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Old 03-25-2011, 05:50 PM   #1 
YoshesMom
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Setting up Sorority (sp)

ok so heres what I have so far I know i need a few more plants but any other suggestions? everything you see in the picture has a little hidey hole in it or behind it its ten gallons heater and filter two pieces of drift wood the little plastic wood look a like cave ..thing (shush) and my giant plant
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Old 03-25-2011, 05:53 PM   #2 
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oh hi ya actually adding the picture MIGHT just help
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Old 03-25-2011, 06:02 PM   #3 
BettaMama11
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hmmm aside from the plants... maybe another hiding spot? I just set mine up yesterday and the girls would have done more damage had they not had enough hiding spots! I myself am looking into getting another tall plant was also thinking of finding something that floats on the surface of the water so when they go up to take air they're more hidden...
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Old 03-25-2011, 06:16 PM   #4 
Crazykat
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Lots of plants, and make sure they're tall! You probably already knew that, but I thought I'd say it again just in case. Having plant cover in the top and middle of the tank is the only thing that kept my girls from chasing each other to death in the first week. Little cups or caves are also great. Some people don't like it, but a well cared for Hornwort is a really great plant for a sorority tank. It floats in the top and and middle and is nice and bushy. You just have to keep up with pinching off the older parts. Good luck!
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Old 03-25-2011, 06:43 PM   #5 
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tag... I'm it.


Small ornaments they can swim through also discourage following harassment.

I have a large ornamental oriental gate that both red and brownie like to hang around.

First I suggest a pre-filter sponge, they're sorta "cant go wrong" Fluval Edge ones will fit that filter's intake snugly, this will keep the girls from resting on the intake and possibly hurting themselves. They block material from getting into the fiberous filter cards and collect a great deal of solid non-decaying waste as well as keep leaves and girls from blocking the filter. In one case my experience has shown they're almost a must-have: Cambi a calico cambodian girl liked to sleep on my 150b's intake and one day I turned around to look in the tank and found her folded over around the intake strainer. She hadn't suffocated yet but her swim bladder was permanently collapsed and she spent the next seven months powering to the surface then gliding back down. Betta rely MOSTLY on their swim bladders for depth control. She was pretty, a spade tail and very strong. Miss her a great deal and if I ever find one like her such as Cammy or Clowntail I'll buy them even if I have to put them in their own tank. I couldn't breed her because of the damage, she'd have been very worth the try.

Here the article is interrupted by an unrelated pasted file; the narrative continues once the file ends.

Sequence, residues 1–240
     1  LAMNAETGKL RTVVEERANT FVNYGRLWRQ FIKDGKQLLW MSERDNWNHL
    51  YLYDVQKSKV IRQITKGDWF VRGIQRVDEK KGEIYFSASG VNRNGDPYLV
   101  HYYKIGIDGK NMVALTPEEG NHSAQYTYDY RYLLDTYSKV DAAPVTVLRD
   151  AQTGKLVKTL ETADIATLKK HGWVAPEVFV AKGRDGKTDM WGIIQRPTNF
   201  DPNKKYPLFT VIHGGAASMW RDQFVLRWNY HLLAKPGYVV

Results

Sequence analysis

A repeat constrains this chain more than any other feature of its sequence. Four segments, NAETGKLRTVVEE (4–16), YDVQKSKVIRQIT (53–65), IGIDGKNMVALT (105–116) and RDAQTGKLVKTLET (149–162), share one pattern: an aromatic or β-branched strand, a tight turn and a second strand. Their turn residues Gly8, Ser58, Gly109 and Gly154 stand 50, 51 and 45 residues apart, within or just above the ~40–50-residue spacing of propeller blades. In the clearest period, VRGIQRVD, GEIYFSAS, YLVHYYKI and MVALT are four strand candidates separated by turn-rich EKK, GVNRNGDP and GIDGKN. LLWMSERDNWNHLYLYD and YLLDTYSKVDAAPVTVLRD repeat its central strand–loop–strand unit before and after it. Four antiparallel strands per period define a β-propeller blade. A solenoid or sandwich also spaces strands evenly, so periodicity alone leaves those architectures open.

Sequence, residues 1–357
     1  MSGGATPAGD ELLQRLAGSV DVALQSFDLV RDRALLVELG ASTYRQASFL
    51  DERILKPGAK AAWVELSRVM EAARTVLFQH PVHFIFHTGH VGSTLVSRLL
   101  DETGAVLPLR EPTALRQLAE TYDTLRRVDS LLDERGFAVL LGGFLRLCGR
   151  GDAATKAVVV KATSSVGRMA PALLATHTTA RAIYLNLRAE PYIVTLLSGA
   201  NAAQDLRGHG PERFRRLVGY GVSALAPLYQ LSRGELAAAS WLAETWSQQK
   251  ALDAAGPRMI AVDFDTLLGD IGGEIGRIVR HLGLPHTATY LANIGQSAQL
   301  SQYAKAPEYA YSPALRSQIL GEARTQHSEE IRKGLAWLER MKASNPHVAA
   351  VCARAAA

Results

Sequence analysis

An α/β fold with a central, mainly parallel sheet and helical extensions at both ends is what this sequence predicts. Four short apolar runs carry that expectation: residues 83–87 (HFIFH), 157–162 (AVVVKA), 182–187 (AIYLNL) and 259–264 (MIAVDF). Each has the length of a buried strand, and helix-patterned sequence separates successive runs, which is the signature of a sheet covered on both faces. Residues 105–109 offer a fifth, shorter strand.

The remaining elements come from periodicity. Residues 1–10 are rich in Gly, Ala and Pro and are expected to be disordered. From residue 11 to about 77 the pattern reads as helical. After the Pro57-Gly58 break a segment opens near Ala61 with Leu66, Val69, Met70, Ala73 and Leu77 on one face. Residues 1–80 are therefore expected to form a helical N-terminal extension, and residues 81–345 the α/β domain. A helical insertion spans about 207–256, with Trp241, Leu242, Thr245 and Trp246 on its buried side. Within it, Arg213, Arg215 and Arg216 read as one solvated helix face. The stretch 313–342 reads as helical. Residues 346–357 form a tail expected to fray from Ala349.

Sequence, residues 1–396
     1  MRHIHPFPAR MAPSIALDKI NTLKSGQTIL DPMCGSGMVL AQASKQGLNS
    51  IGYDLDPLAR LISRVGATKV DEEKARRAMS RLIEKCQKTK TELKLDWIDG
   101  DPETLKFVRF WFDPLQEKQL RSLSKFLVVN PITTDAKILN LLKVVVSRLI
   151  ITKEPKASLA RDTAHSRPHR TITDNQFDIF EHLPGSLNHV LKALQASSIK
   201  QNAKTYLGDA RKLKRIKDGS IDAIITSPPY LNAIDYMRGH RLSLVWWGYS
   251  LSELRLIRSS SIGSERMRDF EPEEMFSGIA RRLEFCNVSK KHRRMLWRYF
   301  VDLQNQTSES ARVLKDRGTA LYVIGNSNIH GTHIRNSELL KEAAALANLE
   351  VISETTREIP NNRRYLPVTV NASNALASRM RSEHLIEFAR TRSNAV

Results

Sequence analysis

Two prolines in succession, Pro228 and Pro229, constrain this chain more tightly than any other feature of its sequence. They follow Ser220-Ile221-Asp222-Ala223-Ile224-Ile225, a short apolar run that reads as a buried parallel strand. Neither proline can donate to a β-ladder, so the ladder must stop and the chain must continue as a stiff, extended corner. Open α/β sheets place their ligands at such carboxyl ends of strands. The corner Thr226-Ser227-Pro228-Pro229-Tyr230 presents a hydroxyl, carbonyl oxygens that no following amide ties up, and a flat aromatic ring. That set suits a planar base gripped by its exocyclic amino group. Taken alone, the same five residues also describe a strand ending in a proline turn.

Java fern plants, http://www.liveaquaria.com/product/prod_display.cfm?c=747+892+800&pcatid=800 located in the rear corners is great, they don't need much light and they're very easy to care for AND generate new plants from their leaf tips. Cheap too.

While betta don't "need" water aeration I suggest getting a air pump and stone then routing the stone down in the back of the filter, even a little hawkeye will be enough. This is to support the biological filtration's needs.

Your bottom rock is a little thick/deep for unplanted, simple to solve with http://diszhal.info/english/plants/e...ne_wendtii.php these like to spread large roots out and they're fairly resilient to simple gravel bottoms. Or you can get a couple water onion plants: http://animal-world.com/encyclo/fres...WaterOnion.php this I've discovered produces a network of roots about seven inches in diameter and can solve the large open space problems while adding fair to good plant benefits to a tank. I've had one for a year and it has yet to give me any secondary plants. Mine gets lots of nutrition and sits dead center in the tank, their leaves are fairly stiff and will reach the whole length of the tank if you let them but you can thumb-nail pinch them off without the plant killing the whole leaf, letting you "groom" them to desired size. Since they will grow from the bottom glass to the surface of the water they're considered superior plants for biology support.

Anubias plants are nice as well but can be fairly fiddly and the girls often like to nose under plants for sleep, pulling them up out of the rock as they do.

Another thread here had a child's toy polyhedral mesh ball as an ornament in a tank and I'm sure the girls will love it as well.

Keep in mind that the filter you have may not be enough bio-filtration, you can supplement bio-filtration using sponge filters from http://www.jehmco.com/html/hydro-sponge_filters.html these are carried by bigalsonline and several other stores, as additional bio support they're great and a good place to run aeration from as well.

If you put a pre-filter sponge on the filter's intake and run one of the hydro sponge as well you should have no problems biologically, once established such additions will likely be able to support the tank themselves. If you ever have long power outages the sponge filters can keep the tank alive using a squeeze bulb like comes with blood pressure test kits.